Connections with the Cornell Theory Center

The Cornell Theory Center (CTC)(http://www.tc.cornell.edu), directed by CS Professor Thomas Coleman, is Cornell’s high-performance computing and interdisciplinary computational-research center, serving more than 150 faculty research groups across the Ithaca campus and at the Weill Medical College in New York City.

Through a strategic partnership with Microsoft, Dell, and Intel, CTC has pioneered the use of industry-standard computational clusters running Windows™ as a productive large-scale computing environment. CTC’s resources, which consist of a cluster complex of more than 1,500 processors, keep Cornell at the forefront of computational science and engineering. New technological advances include the integration of the database software SQLserver into complex engineering applications and the application of .NET and Web services to high-performance computing. CTC operates the first Windows/Dell/Intel–based CAVE 3-D immersive virtual-reality environment, which is used by a variety of projects, including an engineering design course and an architecture course. Students in CEE 479 and M&AE 491 have access to EduCluster, a 16-processor cluster dedicated to student applications.

CTC has three core interdisciplinary research emphases: computational finance, computational biology/genomics, and computational materials.

The computational finance group (http://www. ctc-manhattan.com/Research/index.asp) is headed by CTC director Thomas Coleman and includes CS research associate Yuying Li. Projects include investigating new optimization algorithms for large-scale portfolio analysis and value-at-risk calculations. Much of CTC’s computational-finance work takes place at CTC–Manhattan, which is located across from the New York Stock Exchange and is the site of an annual securities derivatives conference.


CTC’s Computational Biology Service Unit (CBSU) (http://cbsu.tc.cornell.edu), headed by CS professor Ron Elber, applies computational resources and expertise to a variety of applications in the life sciences, ranging from canine genetics to plant breeding to protein-structure modeling. Each summer one or two undergraduates are chosen from a pool of applicants for the CBSU Undergraduate Summer Internship. Through this internship, undergrads conduct research under the guidance of a faculty advisor and in collaboration with CBSU staff. One of the 2003 CBSU Internships was awarded to Keith Jamison, a CS junior.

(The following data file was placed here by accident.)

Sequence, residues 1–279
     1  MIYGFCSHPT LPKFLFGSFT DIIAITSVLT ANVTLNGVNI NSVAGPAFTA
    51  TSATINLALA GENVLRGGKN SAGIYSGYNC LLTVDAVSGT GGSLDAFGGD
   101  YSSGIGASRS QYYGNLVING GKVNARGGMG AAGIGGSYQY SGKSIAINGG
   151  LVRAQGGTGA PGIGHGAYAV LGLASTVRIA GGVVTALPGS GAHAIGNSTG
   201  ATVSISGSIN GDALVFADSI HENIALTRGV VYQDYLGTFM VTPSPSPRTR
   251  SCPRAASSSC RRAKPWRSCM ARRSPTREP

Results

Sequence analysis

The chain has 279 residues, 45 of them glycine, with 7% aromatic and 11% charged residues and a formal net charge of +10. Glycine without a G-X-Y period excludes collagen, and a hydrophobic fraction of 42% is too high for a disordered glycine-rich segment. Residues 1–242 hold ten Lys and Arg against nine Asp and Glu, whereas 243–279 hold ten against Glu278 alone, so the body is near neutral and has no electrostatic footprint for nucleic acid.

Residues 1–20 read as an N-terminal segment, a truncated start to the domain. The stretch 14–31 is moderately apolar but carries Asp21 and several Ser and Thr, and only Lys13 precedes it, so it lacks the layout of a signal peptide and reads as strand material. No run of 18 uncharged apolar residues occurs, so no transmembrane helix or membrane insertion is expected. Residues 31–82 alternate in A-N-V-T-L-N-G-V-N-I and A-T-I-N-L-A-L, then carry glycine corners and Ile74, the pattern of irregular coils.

The Computational Materials Institute at CTC focuses on fracture mechanics and serves as one of the test beds for the adaptive software project led by CS professor Keshav Pingali, who is also a CTC associate director. The adaptive software project is developing software systems that can adapt to changes at the application, algorithmic, and system levels.

CS professor Johannes Gehrke is also involved in interdisciplinary CTC projects. He is applying his data-mining expertise to a pilot project involving data acquisition and analysis using the Cornell-operated Arecibo radiotelescope and to a genomics database that tracks pathogens.

CTC has done pioneering work in science communication, outreach, and informal education through its Virtual Worlds SciCentr, which consists of a series of multi-user virtual environments. This project has engaged several interdisciplinary teams of undergraduate programmers, designers, and content developers in the creation of interactive exhibits, as well as undergraduate mentors who support teams of high school student developers at remote locations.

A number of team members come from Computer Science. SciCentr brings CTC into interaction with research scientists and faculty in the fields of biotechnology, communication, fine arts, theatre arts, music, and architecture. CTC is also engaging undergraduates in development of interactive online lab modules focused on bioinformatics through the BioQUEST Curriculum Library.

For further information, see http://www.tc.cornell.edu.